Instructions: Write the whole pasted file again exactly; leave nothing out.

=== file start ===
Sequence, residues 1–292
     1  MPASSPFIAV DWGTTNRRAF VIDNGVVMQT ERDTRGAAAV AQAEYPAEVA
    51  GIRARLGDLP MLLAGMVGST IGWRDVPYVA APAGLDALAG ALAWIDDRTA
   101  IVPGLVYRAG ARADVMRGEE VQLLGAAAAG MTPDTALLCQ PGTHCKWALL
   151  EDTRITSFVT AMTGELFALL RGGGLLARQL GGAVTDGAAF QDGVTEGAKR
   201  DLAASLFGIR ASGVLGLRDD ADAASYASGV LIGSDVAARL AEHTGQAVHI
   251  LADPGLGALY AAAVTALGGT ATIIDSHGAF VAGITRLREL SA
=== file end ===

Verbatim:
Sequence, residues 1–292
     1  MPASSPFIAV DWGTTNRRAF VIDNGVVMQT ERDTRGAAAV AQAEYPAEVA
    51  GIRARLGDLP MLLAGMVGST IGWRDVPYVA APAGLDALAG ALAWIDDRTA
   101  IVPGLVYRAG ARADVMRGEE VQLLGAAAAG MTPDTALLCQ PGTHCKWALL
   151  EDTRITSFVT AMTGELFALL RGGGLLARQL GGAVTDGAAF QDGVTEGAKR
   201  DLAASLFGIR ASGVLGLRDD ADAASYASGV LIGSDVAARL AEHTGQAVHI
   251  LADPGLGALY AAAVTALGGT ATIIDSHGAF VAGITRLREL SA